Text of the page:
For the overall book itself, I'm really pleased. I love the indepth aspects the book has for creating characters and running them with guild benefits and the like. I got back into magic the gathering with Ravnica and It's been my favorite setting Magic has done, so color me a bit biased.
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HappyDaze

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Ravnica, It's a Small World After All
« Reply #24 on: November 20, 2018, 03:45:38 PM »
Batman,

Since you seem to know the setting, help clarify this:

Is law enforcement done by the Arresters (Azorius Senate) or the Wojek League (Boros Legion)? In the GoR book it sounds like the Arresters are the cops, but I read some of the fiction on the WotC site and they make it sound like the Wojek are the cops. I guess it could be the difference between cops in civilized areas and peacekeepers in warzones, but this isn't exactly clear.

Also, as the standing military of Ravnica, who were the Boros envisioned to fight in the times before the Guildpact (which prevented direct conflict between Guilds) was sundered? Is there a major threat external to the Guilds?

Batman

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Ravnica, It's a Small World After All
« Reply #25 on: November 20, 2018, 05:38:57 PM »
Quote from: HappyDaze;1065512
Batman,

Since you seem to know the setting, help clarify this:

Is law enforcement done by the Arresters (Azorius Senate) or the Wojek League (Boros Legion)? In the GoR book it sounds like the Arresters are the cops, but I read some of the fiction on the WotC site and they make it sound like the Wojek are the cops. I guess it could be the difference between cops in civilized areas and peacekeepers in warzones, but this isn't exactly clear.


I always saw it as the Boros Legion, Wojecks in particular, we're more in-line with Law Enforcement and maintaining order than those of the Aziorus Senate. In the novels Argus Kos, a wojek, arrests Szedak at the end of the books for an example. I felt it had a very "Law and Order" vibe where the Boros Legion arrests and the Aziorus Senate prosecutes in court. The Senate are also Law makers, which Boros has real no power over.

Quote from: HappyDaze;1065512
Allso, as the standing military of Ravnica, who were the Boros envisioned to fight in the times before the Guildpact (which prevented direct conflict between Guilds) was sundered? Is there a major threat external to the Guilds?


Most likely threat from outside the Plane and I'm sure there were skirmishes between both the Cult of Rakdos and the chaotic Gruul clans. The Guildpact didn't solve all squabbles with each Guild but made sure not one gained a ton of power over the others. How this was achieved, I don't know? Also the Guildless are known to have their own militias and warriors that don't see the Boros Legion as ultimate authorities so likely there are fights there too.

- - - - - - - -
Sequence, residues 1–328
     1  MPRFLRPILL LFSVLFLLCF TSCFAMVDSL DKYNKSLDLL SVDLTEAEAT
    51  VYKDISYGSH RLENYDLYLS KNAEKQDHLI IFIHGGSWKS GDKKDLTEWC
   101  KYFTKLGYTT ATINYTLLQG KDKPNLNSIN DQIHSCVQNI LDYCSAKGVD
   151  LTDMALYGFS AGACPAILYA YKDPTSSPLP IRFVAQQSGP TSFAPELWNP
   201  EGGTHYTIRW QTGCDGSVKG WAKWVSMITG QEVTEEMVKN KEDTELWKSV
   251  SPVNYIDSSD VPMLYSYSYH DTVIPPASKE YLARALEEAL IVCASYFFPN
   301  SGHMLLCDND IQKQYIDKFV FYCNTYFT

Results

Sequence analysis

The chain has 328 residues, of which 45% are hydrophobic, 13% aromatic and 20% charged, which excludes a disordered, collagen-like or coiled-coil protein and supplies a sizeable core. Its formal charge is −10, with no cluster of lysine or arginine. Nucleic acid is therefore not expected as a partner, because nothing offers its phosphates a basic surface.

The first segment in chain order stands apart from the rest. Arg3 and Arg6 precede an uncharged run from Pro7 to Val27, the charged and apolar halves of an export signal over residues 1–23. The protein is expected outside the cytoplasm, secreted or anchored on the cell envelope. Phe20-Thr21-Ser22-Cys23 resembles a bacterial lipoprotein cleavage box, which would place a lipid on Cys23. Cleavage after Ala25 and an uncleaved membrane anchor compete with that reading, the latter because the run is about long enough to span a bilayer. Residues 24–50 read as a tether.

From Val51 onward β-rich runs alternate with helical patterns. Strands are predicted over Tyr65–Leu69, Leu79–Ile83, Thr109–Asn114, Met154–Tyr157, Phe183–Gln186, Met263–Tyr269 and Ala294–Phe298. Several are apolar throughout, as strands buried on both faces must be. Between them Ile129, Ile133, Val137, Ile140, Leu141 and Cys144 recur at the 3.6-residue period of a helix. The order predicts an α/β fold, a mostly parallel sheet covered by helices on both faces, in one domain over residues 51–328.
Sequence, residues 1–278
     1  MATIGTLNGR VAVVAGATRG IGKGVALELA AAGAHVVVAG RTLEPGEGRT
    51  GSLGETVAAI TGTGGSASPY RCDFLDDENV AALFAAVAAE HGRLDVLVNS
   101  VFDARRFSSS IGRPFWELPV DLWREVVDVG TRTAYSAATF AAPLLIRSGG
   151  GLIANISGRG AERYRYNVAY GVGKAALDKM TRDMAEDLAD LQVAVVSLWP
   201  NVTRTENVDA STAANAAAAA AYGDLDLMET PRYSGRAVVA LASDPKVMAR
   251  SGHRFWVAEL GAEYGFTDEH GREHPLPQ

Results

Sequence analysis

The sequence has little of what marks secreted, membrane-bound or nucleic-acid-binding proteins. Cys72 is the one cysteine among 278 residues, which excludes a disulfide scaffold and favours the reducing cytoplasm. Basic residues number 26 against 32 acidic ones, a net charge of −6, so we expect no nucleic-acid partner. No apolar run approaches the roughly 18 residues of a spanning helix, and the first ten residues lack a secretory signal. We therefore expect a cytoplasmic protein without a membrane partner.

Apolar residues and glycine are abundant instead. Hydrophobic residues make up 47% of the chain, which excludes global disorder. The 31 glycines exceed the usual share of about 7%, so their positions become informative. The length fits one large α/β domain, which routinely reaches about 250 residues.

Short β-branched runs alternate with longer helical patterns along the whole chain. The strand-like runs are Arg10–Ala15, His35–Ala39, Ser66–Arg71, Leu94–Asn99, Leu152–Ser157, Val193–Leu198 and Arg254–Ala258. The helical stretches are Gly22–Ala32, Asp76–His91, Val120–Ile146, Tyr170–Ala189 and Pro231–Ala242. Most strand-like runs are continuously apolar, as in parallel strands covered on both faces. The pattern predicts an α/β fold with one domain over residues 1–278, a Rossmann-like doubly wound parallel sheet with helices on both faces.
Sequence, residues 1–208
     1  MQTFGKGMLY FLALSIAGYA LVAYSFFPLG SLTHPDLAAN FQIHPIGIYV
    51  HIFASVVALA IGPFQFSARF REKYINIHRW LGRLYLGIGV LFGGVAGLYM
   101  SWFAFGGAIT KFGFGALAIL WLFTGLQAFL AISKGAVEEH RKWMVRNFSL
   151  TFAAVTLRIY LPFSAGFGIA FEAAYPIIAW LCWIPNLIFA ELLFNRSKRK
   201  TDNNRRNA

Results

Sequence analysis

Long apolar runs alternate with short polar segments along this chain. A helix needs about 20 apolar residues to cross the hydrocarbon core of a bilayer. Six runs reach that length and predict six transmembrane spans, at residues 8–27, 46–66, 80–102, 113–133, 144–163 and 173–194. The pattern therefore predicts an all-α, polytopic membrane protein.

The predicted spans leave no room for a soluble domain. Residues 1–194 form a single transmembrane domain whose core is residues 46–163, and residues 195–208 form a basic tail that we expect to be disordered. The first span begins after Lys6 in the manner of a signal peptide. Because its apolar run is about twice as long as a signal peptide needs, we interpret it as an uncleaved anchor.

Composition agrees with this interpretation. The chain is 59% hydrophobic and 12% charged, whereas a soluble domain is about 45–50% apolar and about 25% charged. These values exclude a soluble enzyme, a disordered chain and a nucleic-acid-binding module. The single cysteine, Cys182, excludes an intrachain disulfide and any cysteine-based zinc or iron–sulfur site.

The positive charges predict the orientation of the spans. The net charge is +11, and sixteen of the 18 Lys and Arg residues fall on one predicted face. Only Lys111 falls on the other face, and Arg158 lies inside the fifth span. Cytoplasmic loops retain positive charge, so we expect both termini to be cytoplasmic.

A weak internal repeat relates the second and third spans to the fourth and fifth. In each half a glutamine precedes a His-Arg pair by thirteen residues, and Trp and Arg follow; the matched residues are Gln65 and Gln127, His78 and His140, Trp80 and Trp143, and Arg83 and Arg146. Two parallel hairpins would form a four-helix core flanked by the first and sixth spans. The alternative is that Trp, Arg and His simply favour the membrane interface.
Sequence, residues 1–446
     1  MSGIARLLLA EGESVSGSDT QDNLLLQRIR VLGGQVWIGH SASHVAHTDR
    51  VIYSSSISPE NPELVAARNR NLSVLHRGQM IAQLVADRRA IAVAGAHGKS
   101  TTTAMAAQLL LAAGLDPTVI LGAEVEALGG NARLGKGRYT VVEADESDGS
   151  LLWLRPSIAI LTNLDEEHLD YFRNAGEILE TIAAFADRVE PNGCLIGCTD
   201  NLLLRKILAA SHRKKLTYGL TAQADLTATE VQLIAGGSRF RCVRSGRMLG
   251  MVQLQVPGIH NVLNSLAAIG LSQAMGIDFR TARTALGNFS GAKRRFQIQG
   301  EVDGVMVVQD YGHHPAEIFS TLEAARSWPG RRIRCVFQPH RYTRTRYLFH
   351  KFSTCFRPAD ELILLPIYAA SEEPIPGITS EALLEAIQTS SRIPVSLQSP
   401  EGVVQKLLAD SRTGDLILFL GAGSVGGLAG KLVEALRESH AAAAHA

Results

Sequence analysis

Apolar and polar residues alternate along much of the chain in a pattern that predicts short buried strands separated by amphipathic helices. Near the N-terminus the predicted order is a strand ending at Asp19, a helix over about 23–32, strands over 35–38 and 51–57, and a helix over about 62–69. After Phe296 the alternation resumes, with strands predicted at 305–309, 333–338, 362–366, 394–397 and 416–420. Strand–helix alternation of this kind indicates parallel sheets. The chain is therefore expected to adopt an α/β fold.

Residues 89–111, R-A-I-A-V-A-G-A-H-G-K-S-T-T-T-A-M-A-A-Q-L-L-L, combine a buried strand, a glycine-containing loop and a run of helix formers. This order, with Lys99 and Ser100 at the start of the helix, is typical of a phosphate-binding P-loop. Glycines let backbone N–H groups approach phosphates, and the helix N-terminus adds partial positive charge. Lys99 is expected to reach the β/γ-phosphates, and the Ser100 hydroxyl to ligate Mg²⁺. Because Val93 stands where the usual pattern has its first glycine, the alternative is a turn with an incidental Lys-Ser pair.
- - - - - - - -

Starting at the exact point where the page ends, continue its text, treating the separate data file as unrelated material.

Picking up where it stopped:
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Manic Modron

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Ravnica, It's a Small World After All
« Reply #26 on: November 20, 2018, 06:01:10 PM »
It seems to me that the Wojeks are the actual police that go about protecting the people and keeping the peace.

The Arresters are part of the military arm of the Senate, so they seem more like a combination FBI and National Guard.

Batman

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« Reply #27 on: November 20, 2018, 06:43:05 PM »
That's a good analogy!
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HappyDaze

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Ravnica, It's a Small World After All
« Reply #28 on: November 20, 2018, 07:35:42 PM »
Quote from: Manic Modron;1065535
It seems to me that the Wojeks are the actual police that go about protecting the people and keeping the peace.

The Arresters are part of the military arm of the Senate, so they seem more like a combination FBI and National Guard.

In GGR, several places discuss Arrester patrols as being police and the whole section about the Azorius Senate talks about how 1/3 of their role is law enforcement (and that most Azorius PCs will be from this column).

From the GGR as my sole source, I would be inclined to believe that the Arresters are both the regular police and the FBI while the Wojek are more like military units specialized in UN-style peacekeeping and counterintelligence operations, but this doesn't necessarily fit with other sources.

HappyDaze

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« Reply #29 on: November 20, 2018, 07:43:34 PM »
Quote from: Batman;1065530
Most likely threat from outside the Plane.
So for someone that only has the GGR as a source for Ravnica, I feel this part is totally absent from the book. They don't talk about other planes except to mention that the Living Guildpact is a Planeswalker. That title isn't really explained, other than the obvious implications of being someone that can use planar travel. They don't mention which other planes exist, what visitors come from them, how common such visitations are, or anything else really.

So, is there a comprehensive source (online is fine) that tells me about the greater cosmology that contains Ravnica? I know D&D online has some other Magic-inspired PDFs, but how do they fit together?